The food imitation and the law - What is it and how does it affect your craft business?

What is food imitation?

There are three UK and EU laws that cover the production and sale of “imitation foods”.

Food Imitations (Safety) Regulations 1989

The food imitations (Safety) regulations 1989 was brought into force on the 1st of January 1990 and prohibits the sale of items that “have a form, odour, colour, appearance, packaging, labelling, volume or size which is likely to cause persons, in particular, children to confuse them with food” 1989 No. 1291

Examples of items that have been banned as a result of lack of compliance….

“Latte glass” and “cake” candle in the shape of foods.



Styrofoam decoration in the shape of a lollypop.



EU Regulation (EC) No 1272/2008 on classification, labelling and packaging of substances and mixtures

This law controls the visual element of packaging for things like chemicals, detergents and drain cleaning liquids. Fundamentally it says that no packaging for the above products can be produced in a way that is visually appealing to children or that can be mistaken for a food product.

Here there are 2 products that packaging too closely resembles that of a food product.


Shampoo or milkshake?

 Moth balls or mints?

EU Regulation (EC) No 1223/2009 on cosmetic products (enforced by trading standards in the UK by the Cosmetic Product Enforcement Regulations 2013)

This law states that cosmetics must be safe for human health when used in a “normal or reasonable foreseeable conditions of use.”  

Several “skin lightening” creams were banned due to dangerously high levels of mercury found within them. So they were skin products, that weren't safe for use on skin.....

Who does it apply to?

These pieces of legislation apply to anyone selling the sort of products that could be mistaken for imitation foods. This includes; Candle makers, jewellery producers and cosmetics manufacturers.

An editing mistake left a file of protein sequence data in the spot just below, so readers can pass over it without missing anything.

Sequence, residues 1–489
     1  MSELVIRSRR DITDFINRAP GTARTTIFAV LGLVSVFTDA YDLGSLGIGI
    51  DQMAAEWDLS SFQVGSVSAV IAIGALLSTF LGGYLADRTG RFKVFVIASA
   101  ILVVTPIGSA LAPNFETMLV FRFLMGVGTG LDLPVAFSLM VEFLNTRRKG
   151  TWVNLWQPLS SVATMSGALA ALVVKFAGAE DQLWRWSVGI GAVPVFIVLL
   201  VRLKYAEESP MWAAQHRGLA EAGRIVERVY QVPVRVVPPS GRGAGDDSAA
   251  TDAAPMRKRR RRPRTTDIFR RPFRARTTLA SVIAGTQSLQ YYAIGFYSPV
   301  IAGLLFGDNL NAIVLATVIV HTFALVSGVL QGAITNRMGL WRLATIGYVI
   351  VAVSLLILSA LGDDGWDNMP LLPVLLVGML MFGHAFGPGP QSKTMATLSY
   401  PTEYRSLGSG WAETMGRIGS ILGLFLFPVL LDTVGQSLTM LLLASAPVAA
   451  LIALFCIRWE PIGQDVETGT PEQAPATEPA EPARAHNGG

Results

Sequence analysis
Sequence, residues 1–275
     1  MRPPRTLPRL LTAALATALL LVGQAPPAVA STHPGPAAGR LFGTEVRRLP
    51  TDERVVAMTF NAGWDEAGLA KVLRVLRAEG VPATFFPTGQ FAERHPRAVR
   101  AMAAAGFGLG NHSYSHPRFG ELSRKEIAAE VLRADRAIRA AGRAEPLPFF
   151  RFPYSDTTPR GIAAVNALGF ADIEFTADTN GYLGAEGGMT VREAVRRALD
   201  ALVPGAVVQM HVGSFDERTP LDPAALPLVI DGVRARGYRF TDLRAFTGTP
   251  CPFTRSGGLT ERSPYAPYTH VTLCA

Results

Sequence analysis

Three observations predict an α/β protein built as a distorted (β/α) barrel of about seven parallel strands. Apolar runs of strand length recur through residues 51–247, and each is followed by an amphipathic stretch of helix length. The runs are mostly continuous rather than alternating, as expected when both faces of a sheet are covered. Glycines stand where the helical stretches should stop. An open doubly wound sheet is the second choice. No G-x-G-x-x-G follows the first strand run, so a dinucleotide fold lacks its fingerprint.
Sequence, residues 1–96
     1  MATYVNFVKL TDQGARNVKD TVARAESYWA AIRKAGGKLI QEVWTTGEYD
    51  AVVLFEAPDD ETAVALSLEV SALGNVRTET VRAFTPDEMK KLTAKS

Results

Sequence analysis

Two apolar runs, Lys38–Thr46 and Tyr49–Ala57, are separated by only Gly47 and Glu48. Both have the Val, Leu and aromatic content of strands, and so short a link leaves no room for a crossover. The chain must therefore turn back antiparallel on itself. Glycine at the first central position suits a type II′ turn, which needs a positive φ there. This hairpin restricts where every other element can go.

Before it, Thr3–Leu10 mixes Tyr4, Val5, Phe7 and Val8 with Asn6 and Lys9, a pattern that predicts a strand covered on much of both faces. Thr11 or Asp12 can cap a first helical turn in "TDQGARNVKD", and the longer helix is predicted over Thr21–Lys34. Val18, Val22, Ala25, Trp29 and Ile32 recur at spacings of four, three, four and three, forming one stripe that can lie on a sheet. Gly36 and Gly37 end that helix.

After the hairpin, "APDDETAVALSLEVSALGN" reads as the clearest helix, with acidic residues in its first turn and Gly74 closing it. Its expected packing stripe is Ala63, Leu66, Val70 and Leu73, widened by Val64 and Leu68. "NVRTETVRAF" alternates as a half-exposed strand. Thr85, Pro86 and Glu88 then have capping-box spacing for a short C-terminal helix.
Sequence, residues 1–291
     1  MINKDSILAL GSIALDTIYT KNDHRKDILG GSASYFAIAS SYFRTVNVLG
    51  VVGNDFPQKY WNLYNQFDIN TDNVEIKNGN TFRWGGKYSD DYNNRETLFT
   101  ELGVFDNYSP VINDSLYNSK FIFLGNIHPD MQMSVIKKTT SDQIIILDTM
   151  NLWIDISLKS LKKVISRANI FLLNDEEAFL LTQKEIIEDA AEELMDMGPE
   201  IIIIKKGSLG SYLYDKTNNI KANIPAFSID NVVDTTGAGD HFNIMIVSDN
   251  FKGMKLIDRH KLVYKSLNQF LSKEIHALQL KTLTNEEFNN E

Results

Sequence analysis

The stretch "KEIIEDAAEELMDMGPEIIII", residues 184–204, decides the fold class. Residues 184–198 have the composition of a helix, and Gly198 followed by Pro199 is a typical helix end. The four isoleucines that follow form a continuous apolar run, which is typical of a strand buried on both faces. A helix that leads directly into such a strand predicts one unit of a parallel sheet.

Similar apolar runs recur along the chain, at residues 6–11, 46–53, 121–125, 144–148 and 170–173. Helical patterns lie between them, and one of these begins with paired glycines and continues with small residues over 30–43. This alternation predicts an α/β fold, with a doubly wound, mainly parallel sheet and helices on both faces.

It also includes all those who may supply those trades. If you are a wax supplier and you supply materials knowing that they are going to be made into food imitation products, you are equally liable. It even includes stores that purchase items wholesale to sell on.

What isn’t included in the legislation?

There are a few items that are not included in the above legislation.

These include;

  • “marbles,
  • products intended for use to represent food in a dolls' house or other model scene or setting;
  • or anything consisting entirely of articles or substances used as ingredients in the preparation of food.“ (So it guess that’s “food”)


Lack of compliance with any of the above legislation can result in a maximum of a 12-month prison sentence.

What must I do to be compliant?

It’s simple. If your product isn’t food, Don’t make it look like food.

If you think that your non food may be mistaken for food then it's probably best to pop a "classification, Labelling and Packaging" (CLP) sticker on it.

These stickers must contain the following elements;

  • "Name and address and telephone number of the supplier(s),
  • The nominal quantity of the substance or mixture in the package where this is being made available to the general public, unless this quantity is specified elsewhere on the package,
  • Product identifiers,
  • Hazard pictograms, where applicable,
  • The relevant signal word, where applicable,
  • Hazard statements, where applicable,
  • Appropriate precautionary statements, where applicable,
  • A section for supplemental information, where applicable."

The Lush scenario

A couple of people have asked about why lush gets away with making foods that look like cakes, desserts etc, they literally look good enough to eat. It’s true when the FI(S)R came into force, Lush cosmetics were extremely opposed to it. The reason for they have continued successfully producing “food imitation” products is that Lush is a “cosmetics” company. As such the argument is that when you go into one of there store you should expect to buy only cosmetics.

They have also gone a long way to ensuring that none of there products contain anything harmful should they be accidentally be ingested.

If you go onto the Lush website then you can see a list of ingredients for each product. Clicking on the ingredient will take you to a helpful information page.

Lush products don’t necessarily taste good, but they won’t kill you either.

Where can I go to find more information?

More information can be found by following the links below.

I am not an expert in this field and this article is merely to advise and inform. More information can easily be obtained by getting in touch with your local trading standards office.

You can find your local office by clicking this link;

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